Deliberations on Post-Civil Disobedience Strategy

Arora IAS Class Notes

Following the Civil Disobedience Movement’s (CDM) withdrawal, nationalists debated their future course. The debates occurred in two stages:

Stage 1: Immediate Strategy (1934-35)

Three Perspectives Emerged:

  1. Constructive Work (Gandhian Line):Focus on social and economic development activities like khadi production.
  2. Constitutional Struggle & Elections:Advocated by M.A. Ansari, Asaf Ali, and others. Arguments:
    • Maintain political interest during a lull in mass movements.
    • Participation doesn’t imply faith in colonial rule.
    • Builds Congress’s strength and prepares for future mass action.
    • Gains prestige and influence in legislative bodies.
  3. Leftist Trend (Nehru):Critical of both options. Favored:
    • Resuming non-violent mass struggles.
    • Addressing economic inequalities and class struggle.
    • Organizing peasants and workers in unions affiliated with Congress.
    • Continuous confrontation with imperialism until its overthrow. (Struggle-Victory Strategy)

Nehru’s Opposition to “Struggle-Truce-Struggle” Strategy:

  • Gandhi and many Congressmen believed in alternating phases of mass action (struggle) and reprieve (truce) to allow the movement to regain strength.
  • Nehru criticized this approach, arguing for continuous pressure on British rule.

Stage 2: Office Acceptance in Provincial Elections (1937)

Nationalist Split Expected:

  • Both nationalists and British officials anticipated a potential Congress split similar to the Surat split (1907).

Gandhi’s Compromise:

  • To prevent a split, Gandhi allowed Congressmen to contest elections under the 1935 Government of India Act.
  • He clarified that this was not an endorsement of constitutionalism but a way for inactive members to contribute.

Gandhi’s Resignation and Underlying Reasons:

  • Gandhi felt out of step with the Congress’s growing interest in parliamentary politics.
  • He disagreed with the emphasis on the spinning wheel and the socialists’ vision of post-colonial India.
  • Resigned in October 1934 to focus on influencing the Congress from outside.

Socialist Strategy:

  • Nehru and socialists prioritized expelling the British before pursuing socialism.
  • They saw staying within the Congress as crucial for mass mobilization.

Right Wing’s Accommodation:

  • The right wing within Congress also accepted Gandhi’s compromise.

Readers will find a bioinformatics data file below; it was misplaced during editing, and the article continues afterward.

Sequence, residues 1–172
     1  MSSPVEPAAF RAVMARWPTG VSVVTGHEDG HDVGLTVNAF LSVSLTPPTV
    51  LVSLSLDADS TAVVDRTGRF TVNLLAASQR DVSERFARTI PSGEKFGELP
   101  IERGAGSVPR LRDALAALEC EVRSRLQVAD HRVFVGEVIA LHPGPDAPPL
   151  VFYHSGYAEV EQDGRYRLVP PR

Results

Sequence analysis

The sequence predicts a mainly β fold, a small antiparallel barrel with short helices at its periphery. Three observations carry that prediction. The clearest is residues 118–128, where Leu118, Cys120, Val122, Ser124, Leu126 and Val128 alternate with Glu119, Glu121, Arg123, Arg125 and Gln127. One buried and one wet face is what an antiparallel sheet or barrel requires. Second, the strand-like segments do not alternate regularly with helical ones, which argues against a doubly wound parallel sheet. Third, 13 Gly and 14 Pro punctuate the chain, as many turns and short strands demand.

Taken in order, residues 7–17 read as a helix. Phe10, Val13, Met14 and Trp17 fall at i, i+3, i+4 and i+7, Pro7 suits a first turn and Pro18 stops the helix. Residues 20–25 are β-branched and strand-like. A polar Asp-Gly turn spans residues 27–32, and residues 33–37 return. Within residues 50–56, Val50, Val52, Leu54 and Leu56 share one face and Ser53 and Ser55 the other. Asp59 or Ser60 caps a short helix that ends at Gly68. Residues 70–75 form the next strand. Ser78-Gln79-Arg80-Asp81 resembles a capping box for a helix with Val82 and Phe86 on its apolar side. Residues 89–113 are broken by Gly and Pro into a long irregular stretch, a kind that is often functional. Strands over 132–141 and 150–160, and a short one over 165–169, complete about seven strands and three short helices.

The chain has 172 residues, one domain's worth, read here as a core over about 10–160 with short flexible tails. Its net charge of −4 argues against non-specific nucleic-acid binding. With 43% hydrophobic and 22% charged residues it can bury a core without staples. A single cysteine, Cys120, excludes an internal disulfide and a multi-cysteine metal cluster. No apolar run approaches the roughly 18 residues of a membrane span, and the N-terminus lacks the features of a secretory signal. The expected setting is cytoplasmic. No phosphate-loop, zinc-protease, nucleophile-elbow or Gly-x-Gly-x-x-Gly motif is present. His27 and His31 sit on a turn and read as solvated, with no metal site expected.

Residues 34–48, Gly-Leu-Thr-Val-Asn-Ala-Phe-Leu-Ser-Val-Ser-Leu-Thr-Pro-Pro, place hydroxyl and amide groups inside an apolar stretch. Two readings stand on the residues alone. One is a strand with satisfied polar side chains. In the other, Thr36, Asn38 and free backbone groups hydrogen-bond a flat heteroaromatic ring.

Election Results (November 1934):

  • The Congress won 45 out of 75 seats reserved for Indians in the Central Legislative Assembly.


  • The debates after the CDM reflected ideological differences within the Congress. Gandhi sought social and economic reforms, while Nehru and the left wing prioritized anti-colonial struggle and class issues.
  • Ultimately, a compromise was reached, allowing Congressmen to participate in elections while maintaining pressure on British rule.

Government of India Act, 1935


  • Passed in 1935 after the failed Third Round Table Conference (1932).


Main Features:

  1. All-India Federation (Not Implemented):
    • Conditional on princely state participation (not met).
    • Central government continued under 1919 Act provisions.
  2. Federal Level:


  • Governor-General held significant power.
  • Subjects divided into reserved (Governor-General’s control) and transferred (ministerial control).
  • Governor-General could act independently on security matters.


  • Bicameral: Council of States (upper) and Federal Assembly (lower).
  • Indirect election for Federal Assembly (oddly enough).
  • Council of States had some nominated members.
  • Three legislative lists: federal, provincial, and concurrent.
  • Federal Assembly could move no-confidence vote against ministers.
  • Extensive religious and class-based electorates.
  • Limited financial control for the legislature.
  • Governor-General had residuary powers (restoring cuts, certifying bills, ordinances, veto).


  1. Provincial Autonomy:
    • Replaced dyarchy system.
    • Increased provincial independence.
    • Separate legal identity and financial resources for provinces.


  • Governor (Crown’s representative) with special powers.


  • Separate electorates based on Communal Award.
  • Direct elections with expanded franchise (including women).
  • Ministerial responsibility to the legislature.